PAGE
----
Absinthe's Back but Thrill's Gone

Hallucinogenic ingredient has all but disappeared
By John Lister,  Newser User
Posted Dec 2, 2007 5:49 AM CST
Absinthe's Back but Thrill's Gone
Drawing of Vincent Van Gogh from The Metropolitan Museum Of Art. The artist is reported to have cut off his ear after a session drinking absinthe.   (Getty Images)

The "Green Fairy" may have led Van Gogh to cut off his ear, but don't expect newly legal absinthe to cause anyone to do the same, reports Time magazine. New federal regulations allow the anise-flavor liquor only a trace of thujone, the chemical from wormwood that supposedly causes hallucinations. Scientists accusing absinthe retailers of "playing pretend" say the original version contained 25 times that amount.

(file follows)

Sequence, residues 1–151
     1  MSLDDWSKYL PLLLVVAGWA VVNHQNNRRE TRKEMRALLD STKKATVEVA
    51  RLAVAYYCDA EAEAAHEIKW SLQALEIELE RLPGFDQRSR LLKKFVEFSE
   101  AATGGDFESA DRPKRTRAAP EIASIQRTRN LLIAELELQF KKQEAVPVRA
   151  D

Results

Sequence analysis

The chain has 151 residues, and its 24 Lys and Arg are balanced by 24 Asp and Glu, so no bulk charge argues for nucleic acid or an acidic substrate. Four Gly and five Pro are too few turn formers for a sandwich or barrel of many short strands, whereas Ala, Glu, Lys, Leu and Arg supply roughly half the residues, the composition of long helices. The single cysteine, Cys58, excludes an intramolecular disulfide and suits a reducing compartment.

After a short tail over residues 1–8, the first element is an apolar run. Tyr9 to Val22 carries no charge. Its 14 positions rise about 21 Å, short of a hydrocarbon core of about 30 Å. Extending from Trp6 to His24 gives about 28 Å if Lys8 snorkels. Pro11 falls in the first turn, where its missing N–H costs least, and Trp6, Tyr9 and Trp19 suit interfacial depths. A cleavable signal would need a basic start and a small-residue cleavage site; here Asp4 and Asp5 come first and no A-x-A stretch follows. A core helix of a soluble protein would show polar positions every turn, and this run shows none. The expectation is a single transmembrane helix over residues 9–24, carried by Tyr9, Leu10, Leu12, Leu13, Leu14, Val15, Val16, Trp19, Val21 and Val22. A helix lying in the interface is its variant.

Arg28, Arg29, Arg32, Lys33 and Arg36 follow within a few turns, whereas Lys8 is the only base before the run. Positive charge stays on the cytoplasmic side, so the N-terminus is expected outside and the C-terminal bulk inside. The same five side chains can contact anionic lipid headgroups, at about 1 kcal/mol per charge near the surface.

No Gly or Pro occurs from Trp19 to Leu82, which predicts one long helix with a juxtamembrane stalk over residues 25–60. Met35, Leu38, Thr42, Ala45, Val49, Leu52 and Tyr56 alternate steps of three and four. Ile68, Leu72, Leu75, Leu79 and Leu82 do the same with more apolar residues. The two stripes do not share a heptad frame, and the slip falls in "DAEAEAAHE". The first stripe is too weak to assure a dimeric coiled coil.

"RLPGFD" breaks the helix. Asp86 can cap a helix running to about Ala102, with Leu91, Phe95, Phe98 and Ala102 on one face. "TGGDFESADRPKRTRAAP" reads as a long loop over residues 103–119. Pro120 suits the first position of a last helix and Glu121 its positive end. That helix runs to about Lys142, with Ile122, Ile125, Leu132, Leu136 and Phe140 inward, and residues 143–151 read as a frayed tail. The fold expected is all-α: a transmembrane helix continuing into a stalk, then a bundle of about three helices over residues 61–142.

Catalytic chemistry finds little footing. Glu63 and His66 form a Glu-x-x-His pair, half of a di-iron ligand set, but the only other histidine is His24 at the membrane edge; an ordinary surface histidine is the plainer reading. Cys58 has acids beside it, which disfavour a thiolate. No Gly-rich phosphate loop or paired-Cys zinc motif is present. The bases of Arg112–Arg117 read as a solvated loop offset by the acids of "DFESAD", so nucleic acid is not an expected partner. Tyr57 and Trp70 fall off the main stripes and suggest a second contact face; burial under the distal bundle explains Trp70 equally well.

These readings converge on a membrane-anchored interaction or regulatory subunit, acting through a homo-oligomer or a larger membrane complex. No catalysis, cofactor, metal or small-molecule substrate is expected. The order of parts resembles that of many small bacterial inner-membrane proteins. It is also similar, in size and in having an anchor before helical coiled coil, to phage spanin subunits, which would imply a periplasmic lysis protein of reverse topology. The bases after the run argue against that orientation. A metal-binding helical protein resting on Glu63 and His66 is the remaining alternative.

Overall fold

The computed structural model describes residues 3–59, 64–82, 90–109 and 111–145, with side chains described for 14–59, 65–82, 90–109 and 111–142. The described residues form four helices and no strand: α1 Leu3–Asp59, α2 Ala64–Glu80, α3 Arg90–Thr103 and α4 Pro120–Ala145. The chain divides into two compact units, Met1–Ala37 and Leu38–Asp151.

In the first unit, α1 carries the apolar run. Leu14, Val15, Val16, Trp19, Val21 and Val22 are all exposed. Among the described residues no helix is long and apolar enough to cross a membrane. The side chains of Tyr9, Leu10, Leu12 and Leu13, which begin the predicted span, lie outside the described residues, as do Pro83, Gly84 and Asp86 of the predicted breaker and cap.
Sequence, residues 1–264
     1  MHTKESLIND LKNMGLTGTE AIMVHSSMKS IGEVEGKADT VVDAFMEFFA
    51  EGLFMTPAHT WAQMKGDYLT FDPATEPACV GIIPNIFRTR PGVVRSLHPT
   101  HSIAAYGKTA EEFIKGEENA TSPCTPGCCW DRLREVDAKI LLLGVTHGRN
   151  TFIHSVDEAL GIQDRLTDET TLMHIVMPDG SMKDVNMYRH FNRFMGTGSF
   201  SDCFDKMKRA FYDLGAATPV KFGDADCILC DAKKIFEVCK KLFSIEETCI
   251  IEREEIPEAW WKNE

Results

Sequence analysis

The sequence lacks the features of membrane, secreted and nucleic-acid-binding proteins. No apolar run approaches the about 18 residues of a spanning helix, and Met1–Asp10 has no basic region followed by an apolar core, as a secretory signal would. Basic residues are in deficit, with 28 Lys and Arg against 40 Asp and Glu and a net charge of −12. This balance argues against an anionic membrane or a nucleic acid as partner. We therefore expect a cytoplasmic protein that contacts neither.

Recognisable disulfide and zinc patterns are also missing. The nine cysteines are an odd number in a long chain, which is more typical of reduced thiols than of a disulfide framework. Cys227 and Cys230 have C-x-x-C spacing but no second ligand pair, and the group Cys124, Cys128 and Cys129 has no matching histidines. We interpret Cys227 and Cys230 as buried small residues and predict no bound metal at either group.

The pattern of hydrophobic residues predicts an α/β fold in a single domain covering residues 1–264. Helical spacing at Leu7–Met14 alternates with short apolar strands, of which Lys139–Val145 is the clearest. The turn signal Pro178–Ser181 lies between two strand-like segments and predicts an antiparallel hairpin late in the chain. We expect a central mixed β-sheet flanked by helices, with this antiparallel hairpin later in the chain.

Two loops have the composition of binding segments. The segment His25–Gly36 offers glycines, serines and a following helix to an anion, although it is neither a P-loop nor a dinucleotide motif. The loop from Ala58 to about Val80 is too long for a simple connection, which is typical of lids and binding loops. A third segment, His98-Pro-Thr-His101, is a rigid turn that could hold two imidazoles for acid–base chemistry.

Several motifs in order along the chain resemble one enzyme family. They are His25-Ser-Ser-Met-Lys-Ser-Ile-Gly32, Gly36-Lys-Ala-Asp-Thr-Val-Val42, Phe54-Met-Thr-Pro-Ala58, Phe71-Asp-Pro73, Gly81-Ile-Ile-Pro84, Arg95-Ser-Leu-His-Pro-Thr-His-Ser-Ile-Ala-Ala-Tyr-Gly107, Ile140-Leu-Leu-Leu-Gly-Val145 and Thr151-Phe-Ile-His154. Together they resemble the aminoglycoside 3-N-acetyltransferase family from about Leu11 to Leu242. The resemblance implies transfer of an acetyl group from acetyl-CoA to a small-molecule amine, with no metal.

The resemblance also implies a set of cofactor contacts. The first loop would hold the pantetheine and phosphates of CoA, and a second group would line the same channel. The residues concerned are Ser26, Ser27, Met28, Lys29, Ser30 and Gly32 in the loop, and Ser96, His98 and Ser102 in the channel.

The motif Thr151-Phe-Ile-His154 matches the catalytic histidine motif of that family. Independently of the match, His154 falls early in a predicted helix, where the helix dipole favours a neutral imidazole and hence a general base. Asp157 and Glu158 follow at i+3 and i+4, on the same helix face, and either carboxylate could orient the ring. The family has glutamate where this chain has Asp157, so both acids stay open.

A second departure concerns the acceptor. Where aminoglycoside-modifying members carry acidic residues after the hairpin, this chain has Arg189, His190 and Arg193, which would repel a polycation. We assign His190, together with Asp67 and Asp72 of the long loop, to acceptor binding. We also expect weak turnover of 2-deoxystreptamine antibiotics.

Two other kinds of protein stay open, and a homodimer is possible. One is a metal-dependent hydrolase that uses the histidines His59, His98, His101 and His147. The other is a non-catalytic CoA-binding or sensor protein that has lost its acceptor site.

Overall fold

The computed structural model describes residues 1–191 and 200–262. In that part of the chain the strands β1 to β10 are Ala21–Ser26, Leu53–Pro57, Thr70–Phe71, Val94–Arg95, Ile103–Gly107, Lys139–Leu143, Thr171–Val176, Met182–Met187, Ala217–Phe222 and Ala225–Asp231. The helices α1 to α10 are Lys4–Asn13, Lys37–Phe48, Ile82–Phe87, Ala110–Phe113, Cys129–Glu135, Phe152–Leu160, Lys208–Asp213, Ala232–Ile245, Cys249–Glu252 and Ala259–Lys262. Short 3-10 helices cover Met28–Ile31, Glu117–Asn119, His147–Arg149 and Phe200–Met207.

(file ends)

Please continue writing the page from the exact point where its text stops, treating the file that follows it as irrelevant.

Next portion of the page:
Absinthe reputedly caused an epidemic of psychosis in 19th Century France. Some say that's hype, though research suggests thujone blocks the brain’s nerve impulses. Even without the chemical, today’s manufacturers warn of dangers: “If you drink three bottles, you are going to do something stupid.” Two European firms now sell the drink in Boston and New York for $50 to $60 a bottle. (More liquor stories.)

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